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Clustering and Horizontal Scaling


AVS scales horizontally to handle increased throughput, ingestion, and performance SLAs. This section describes horizontal scaling and tuning considerations that are specific to throughput, ingestion, and performance.


AVS nodes use heartbeats to discover and track each other, increasing the resiliency of AVS cluster nodes and simplifying the process of scaling and upgrading. During node management, all nodes detect changes to the cluster using the heartbeat mechanism.

Node failure and cluster growth

When new nodes join the cluster, or when a cluster node fails, AVS needs to approximate the cache distances again. This is done by load balancing queries to the new cluster nodes to warm the cache on those nodes.

When a node failure occurs in the AVS cluster, the cache is reorganized among the remaining nodes based on recomputed centroids. This means when scaling up or down the cluster will experience a series of cache misses until the cache has been rebalanced.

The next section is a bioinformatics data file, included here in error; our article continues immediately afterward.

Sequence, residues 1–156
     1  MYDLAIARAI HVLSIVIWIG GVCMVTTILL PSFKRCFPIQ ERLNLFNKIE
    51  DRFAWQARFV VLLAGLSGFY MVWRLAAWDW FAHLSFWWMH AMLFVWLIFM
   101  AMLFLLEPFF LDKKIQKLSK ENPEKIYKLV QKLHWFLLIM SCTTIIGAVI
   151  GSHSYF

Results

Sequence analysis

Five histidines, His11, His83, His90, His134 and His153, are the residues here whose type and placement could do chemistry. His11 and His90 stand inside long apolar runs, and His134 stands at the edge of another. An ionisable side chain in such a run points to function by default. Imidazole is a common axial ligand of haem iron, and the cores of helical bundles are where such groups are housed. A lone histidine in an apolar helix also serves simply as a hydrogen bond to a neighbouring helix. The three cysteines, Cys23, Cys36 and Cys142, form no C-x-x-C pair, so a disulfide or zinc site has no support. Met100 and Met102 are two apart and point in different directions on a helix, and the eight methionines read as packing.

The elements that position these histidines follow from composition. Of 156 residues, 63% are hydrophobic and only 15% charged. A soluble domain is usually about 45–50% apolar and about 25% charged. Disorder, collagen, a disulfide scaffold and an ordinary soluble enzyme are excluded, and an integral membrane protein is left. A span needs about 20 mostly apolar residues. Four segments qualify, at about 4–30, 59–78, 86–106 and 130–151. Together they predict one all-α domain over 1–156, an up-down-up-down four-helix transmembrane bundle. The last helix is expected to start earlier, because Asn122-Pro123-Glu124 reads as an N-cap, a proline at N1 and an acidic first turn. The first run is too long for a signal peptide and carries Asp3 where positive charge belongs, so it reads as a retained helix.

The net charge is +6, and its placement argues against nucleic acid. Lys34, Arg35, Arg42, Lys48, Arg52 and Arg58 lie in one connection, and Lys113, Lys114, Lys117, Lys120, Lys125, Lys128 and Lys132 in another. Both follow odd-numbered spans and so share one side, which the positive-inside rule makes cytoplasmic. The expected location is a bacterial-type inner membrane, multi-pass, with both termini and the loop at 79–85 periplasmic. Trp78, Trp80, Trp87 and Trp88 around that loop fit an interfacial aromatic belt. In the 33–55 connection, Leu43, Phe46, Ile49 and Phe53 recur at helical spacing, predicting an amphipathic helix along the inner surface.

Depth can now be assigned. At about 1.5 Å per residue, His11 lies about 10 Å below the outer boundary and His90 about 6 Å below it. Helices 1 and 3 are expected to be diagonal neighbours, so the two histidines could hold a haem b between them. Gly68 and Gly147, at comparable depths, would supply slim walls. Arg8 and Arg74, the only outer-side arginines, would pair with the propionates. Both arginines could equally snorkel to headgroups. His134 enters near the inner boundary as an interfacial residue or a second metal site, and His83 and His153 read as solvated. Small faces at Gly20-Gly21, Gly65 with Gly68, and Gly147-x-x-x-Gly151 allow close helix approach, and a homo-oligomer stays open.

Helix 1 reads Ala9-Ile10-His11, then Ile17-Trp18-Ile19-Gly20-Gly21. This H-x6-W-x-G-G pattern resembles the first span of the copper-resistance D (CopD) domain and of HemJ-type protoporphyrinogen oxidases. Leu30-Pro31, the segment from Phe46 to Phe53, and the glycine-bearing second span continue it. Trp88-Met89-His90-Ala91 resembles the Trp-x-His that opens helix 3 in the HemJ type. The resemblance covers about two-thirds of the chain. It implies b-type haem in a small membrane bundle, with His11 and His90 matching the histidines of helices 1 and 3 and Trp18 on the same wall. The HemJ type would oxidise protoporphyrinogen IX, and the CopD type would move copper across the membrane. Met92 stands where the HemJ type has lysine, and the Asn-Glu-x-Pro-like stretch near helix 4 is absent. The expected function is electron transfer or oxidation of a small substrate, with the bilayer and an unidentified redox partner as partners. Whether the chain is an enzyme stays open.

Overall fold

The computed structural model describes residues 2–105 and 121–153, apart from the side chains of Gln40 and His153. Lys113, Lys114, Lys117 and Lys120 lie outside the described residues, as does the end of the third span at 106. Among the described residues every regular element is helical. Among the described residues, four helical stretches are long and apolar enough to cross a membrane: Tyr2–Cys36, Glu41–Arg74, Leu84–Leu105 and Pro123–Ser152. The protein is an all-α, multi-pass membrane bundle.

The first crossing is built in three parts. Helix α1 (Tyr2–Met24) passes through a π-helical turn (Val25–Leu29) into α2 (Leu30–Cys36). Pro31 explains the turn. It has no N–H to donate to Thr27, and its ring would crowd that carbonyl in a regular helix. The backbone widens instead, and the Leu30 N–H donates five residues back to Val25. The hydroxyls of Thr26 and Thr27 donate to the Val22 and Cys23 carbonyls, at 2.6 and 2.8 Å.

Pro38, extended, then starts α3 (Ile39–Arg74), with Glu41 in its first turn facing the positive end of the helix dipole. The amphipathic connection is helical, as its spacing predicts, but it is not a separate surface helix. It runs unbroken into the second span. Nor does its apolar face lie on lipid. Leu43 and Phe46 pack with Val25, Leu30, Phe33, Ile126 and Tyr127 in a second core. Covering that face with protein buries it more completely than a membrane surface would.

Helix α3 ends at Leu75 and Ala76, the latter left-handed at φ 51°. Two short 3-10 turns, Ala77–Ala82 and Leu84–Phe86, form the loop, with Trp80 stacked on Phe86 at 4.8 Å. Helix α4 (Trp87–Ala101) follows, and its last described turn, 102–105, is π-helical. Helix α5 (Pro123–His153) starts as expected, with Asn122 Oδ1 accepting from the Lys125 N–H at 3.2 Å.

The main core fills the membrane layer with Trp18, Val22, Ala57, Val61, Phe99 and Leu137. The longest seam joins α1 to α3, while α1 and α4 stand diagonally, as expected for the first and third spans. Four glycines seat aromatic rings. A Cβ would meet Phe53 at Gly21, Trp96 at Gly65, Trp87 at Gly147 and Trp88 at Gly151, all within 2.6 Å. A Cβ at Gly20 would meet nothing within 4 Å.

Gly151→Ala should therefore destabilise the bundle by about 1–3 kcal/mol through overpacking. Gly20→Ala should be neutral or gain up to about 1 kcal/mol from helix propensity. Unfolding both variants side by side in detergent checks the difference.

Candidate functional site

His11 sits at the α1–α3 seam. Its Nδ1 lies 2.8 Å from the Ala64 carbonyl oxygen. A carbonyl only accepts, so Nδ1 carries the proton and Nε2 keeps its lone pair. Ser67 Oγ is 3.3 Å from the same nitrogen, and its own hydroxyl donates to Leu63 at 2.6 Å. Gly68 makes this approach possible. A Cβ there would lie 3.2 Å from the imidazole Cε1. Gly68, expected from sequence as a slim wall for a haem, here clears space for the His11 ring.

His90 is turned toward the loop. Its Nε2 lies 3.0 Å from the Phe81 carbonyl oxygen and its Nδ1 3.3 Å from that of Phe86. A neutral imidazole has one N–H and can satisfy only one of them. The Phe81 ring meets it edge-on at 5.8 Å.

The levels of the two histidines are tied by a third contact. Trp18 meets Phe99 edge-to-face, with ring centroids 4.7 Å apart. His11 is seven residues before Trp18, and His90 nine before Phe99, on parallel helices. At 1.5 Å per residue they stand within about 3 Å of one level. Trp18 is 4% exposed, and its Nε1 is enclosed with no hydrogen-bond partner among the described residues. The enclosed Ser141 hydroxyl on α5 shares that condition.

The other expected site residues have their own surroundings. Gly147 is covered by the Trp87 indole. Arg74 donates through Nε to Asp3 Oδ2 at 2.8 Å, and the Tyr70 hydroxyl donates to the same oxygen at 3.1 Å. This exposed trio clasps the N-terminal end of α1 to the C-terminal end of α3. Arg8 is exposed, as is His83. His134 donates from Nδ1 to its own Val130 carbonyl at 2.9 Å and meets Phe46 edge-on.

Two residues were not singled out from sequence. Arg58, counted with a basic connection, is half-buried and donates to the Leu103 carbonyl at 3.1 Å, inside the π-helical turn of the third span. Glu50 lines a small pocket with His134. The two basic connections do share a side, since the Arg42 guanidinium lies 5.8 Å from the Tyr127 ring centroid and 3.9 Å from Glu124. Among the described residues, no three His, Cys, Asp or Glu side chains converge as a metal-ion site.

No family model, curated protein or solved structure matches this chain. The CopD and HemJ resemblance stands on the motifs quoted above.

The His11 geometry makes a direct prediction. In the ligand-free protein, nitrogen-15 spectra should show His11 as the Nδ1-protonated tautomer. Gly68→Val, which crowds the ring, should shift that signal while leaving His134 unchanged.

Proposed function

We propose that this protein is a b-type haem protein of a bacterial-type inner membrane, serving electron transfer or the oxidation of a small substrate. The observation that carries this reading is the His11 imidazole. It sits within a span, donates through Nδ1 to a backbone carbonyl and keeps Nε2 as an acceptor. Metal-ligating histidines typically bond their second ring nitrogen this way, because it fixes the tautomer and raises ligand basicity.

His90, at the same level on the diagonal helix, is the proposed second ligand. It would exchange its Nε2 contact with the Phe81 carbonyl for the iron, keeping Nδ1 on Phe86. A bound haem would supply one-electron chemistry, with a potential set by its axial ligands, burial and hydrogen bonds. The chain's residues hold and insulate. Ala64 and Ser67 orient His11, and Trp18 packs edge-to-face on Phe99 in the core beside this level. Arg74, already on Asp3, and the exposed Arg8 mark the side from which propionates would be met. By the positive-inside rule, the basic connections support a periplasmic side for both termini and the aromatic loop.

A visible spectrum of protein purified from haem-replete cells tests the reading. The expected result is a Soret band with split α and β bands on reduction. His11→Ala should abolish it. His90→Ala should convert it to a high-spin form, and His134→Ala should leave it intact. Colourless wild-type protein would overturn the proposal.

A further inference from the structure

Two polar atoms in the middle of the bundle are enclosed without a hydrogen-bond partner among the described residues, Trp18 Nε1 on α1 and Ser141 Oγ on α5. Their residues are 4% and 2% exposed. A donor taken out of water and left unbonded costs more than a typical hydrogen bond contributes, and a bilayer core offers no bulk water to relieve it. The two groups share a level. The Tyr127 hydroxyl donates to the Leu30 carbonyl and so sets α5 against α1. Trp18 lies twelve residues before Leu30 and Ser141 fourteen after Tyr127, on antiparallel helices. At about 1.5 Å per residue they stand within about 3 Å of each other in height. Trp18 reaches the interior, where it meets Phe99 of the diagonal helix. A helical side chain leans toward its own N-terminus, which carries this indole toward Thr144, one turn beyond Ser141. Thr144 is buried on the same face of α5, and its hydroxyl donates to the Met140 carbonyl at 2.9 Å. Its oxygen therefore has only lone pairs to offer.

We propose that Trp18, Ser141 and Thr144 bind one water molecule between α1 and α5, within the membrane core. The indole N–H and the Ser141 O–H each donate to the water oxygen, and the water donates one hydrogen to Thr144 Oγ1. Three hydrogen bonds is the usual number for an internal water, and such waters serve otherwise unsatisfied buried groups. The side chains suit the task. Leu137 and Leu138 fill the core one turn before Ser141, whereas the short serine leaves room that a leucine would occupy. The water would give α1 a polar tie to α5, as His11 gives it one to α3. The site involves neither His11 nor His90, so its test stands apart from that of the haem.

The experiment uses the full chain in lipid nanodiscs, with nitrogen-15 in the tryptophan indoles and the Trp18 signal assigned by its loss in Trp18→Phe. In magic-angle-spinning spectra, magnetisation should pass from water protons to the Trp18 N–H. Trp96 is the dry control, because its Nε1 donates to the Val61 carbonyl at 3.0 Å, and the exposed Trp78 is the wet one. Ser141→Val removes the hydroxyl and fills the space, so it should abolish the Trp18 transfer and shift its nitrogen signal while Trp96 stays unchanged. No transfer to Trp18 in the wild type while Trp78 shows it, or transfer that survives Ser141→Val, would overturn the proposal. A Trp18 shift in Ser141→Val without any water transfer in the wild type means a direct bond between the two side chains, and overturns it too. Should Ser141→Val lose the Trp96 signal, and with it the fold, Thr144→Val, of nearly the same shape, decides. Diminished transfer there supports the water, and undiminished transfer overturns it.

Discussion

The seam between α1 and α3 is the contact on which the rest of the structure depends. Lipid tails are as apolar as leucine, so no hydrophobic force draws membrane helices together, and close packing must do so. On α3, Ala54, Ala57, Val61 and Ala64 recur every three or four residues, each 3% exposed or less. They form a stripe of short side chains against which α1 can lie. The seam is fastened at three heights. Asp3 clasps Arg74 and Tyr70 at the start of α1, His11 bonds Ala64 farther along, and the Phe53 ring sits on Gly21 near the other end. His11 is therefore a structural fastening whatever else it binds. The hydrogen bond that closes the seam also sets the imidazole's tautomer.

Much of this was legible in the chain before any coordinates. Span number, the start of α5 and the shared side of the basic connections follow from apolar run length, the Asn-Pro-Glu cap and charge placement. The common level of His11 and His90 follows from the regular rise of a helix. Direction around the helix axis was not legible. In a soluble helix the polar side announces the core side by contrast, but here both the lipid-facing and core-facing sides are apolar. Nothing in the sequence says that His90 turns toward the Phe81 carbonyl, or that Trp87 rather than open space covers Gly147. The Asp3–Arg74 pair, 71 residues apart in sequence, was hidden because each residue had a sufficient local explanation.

Scaling for index throughput

When sizing your AVS cluster, you should consider the throughput needs of your searches. Sizing depends on throughput, vector dimensions, the type of each vector dimension value, etc.

These factors can help you determine the number of CPU cores needed for your index. The following table describes approximate performance numbers.

DimensionsQPS RequirementQPS / CoreNode Recommendation
12850k2008 x 32-core instances
76850k5016 x 64-core instances

Actual numbers depend on chipset and other factors. A benchmark for your instance type is recommended.

Scaling for ingestion (index construction)

Since AVS uses a parallel approach to HNSW index construction, you can scale out to accommodate ingest loads triggered by batch jobs or spikes in streaming data. Monitor the index healing queue to determine if scaling for ingestion is required.

Scaling for performance

To achieve minimal latency, you can tune your cluster to always pull the index from the cache in memory.

You can do this by monitoring the cache hit ratio. The goal is to maximize the memory on each node, and add nodes to your cluster until that number approaches 100%.